Physics ticks and rendered frames¶
One key concept to understand in Godot is the distinction between physics ticks (sometimes referred to as iterations or physics frames), and rendered frames. The physics proceeds at a fixed tick rate (set in ProjectSettings.physics/common/physics_fps), which defaults to 60 ticks per second.
However, the engine does not necessarily render at the same rate. Although many monitors refresh at 60 Hz (cycles per second), many refresh at completely different frequencies (e.g. 75 Hz, 144 Hz, 240 Hz or more). Even though a monitor may be able to show a new frame e.g. 60 times a second, there is no guarantee that the CPU and GPU will be able to supply frames at this rate. For instance, when running with V-Sync, the computer may be too slow for 60 and only reach the deadlines for 30 FPS, in which case the frames you see will change at 30 FPS (resulting in stuttering).
But there is a problem here. What happens if the physics ticks do not coincide with frames? What happens if the physics tick rate is out of phase with the frame rate? Or worse, what happens if the physics tick rate is lower than the rendered frame rate?
This problem is easier to understand if we consider an extreme scenario. If you set the physics tick rate to 10 ticks per second, in a simple game with a rendered frame rate of 60 FPS. If we plot a graph of the positions of an object against the rendered frames, you can see that the positions will appear to "jump" every 1/10th of a second, rather than giving a smooth motion. When the physics calculates a new position for a new object, it is not rendered in this position for just one frame, but for 6 frames.
This jump can be seen in other combinations of tick / frame rate as glitches, or jitter, caused by this staircasing effect due to the discrepancy between physics tick time and rendered frame time.
What can we do about frames and ticks being out of sync?¶
Lock the tick / frame rate together?¶
The most obvious solution is to get rid of the problem, by ensuring there is a physics tick that coincides with every frame. This used to be the approach on old consoles and fixed hardware computers. If you know that every player will be using the same hardware, you can ensure it is fast enough to calculate ticks and frames at e.g. 50 FPS, and you will be sure it will work great for everybody.
However, modern games are often no longer made for fixed hardware. You will often be planning to release on desktop computers, mobiles and more, all of which have huge variations in performance, as well as different monitor refresh rates. We need to come up with a better way of dealing with the problem.
Adapt the tick rate?¶
Instead of designing the game at a fixed physics tick rate, we could allow the tick rate to scale according to the end users hardware. We could for example use a fixed tick rate that works for that hardware, or even vary the duration of each physics tick to match a particular frame duration.
This works, but there is a problem. Physics (and game logic, which is often also run in the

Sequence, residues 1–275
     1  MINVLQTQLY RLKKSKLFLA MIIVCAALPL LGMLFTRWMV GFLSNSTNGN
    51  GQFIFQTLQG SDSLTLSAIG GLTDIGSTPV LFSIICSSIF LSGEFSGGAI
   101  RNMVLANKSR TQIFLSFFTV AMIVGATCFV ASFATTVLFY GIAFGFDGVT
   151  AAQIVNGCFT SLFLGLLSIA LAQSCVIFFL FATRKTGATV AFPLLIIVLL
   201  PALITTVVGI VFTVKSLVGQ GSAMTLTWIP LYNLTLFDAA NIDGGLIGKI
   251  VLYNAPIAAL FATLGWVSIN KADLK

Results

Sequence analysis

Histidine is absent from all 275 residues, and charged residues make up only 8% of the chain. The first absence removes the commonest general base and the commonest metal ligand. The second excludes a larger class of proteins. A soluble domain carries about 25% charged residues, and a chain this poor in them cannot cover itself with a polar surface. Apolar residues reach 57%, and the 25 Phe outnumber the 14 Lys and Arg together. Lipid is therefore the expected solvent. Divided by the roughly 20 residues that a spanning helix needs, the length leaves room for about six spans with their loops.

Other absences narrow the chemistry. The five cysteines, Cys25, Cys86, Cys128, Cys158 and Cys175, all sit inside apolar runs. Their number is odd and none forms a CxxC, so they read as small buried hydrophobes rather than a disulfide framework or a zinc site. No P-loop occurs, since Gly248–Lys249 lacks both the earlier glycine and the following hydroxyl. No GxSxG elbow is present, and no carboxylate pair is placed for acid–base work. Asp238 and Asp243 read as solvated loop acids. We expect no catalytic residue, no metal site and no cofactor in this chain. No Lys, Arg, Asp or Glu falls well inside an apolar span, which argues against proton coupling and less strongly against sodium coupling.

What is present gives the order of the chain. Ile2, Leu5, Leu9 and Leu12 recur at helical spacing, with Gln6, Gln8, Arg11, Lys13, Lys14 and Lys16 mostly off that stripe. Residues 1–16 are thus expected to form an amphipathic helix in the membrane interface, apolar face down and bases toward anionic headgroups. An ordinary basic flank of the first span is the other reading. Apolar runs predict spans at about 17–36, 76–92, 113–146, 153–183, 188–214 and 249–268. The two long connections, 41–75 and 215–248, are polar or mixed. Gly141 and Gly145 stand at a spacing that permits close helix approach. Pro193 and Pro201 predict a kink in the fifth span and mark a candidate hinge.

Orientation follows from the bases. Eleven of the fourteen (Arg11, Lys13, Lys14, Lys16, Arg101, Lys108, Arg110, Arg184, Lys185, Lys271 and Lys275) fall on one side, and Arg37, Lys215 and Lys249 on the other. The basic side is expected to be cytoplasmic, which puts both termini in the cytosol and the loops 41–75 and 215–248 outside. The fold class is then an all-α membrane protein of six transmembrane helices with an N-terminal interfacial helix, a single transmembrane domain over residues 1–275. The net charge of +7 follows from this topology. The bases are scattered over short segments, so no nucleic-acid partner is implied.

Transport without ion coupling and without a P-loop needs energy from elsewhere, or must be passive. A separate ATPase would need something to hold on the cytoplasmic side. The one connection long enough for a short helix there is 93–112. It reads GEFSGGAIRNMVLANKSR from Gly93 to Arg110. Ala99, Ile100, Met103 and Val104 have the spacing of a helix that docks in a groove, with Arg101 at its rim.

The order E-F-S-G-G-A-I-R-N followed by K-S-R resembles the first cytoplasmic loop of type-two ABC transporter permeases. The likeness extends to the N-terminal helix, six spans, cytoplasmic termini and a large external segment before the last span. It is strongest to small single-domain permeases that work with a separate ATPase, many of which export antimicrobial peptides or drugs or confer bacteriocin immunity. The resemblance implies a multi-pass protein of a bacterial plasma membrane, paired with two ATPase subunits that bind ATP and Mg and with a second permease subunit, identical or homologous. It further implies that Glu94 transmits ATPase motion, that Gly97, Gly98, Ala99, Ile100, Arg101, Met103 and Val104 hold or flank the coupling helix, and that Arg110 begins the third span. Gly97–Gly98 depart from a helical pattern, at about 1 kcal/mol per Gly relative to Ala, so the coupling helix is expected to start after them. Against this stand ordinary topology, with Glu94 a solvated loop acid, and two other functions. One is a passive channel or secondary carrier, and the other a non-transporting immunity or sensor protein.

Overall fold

_physics_process) work best and most consistently when run at a fixed, predetermined tick rate. If you attempt to run a racing game physics that has been designed for 60 TPS (ticks per second) at e.g. 10 TPS, the physics will behave completely differently. Controls may be less responsive, collisions / trajectories can be completely different. You may test your game thoroughly at 60 TPS, then find it breaks on end users machines when it runs at a different tick rate.
This can make quality assurance difficult with hard to reproduce bugs, especially in AAA games where problems of this sort can be very costly. This can also be problematic for multiplayer games for competitive integrity, as running the game at certain tick rates may be more advantageous than others.
Lock the tick rate, but use interpolation to smooth frames in between physics ticks¶
This has become one of the most popular approaches to dealing with the problem. It is supported by Godot 3.5 and later in 3D (although it is optional and disabled by default).
We have established that the most desirable physics/game logic arrangement for consistency and predictability is a physics tick rate that is fixed at design-time. The problem is the discrepancy between the physics position recorded, and where we "want" a physics object to be shown on a frame to give smooth motion.
The answer turns out to be simple, but can be a little hard to get your head around at first.
Instead of keeping track of just the current position of a physics object in the engine, we keep track of both the current position of the object, and the previous position on the previous physics tick.
Why do we need the previous position (in fact the entire transform, including rotation and scaling)? By using a little math magic, we can use interpolation to calculate what the transform of the object would be between those two points, in our ideal world of smooth continuous movement.
The simplest way to achieve this is linear interpolation, or lerping, which you may have used before.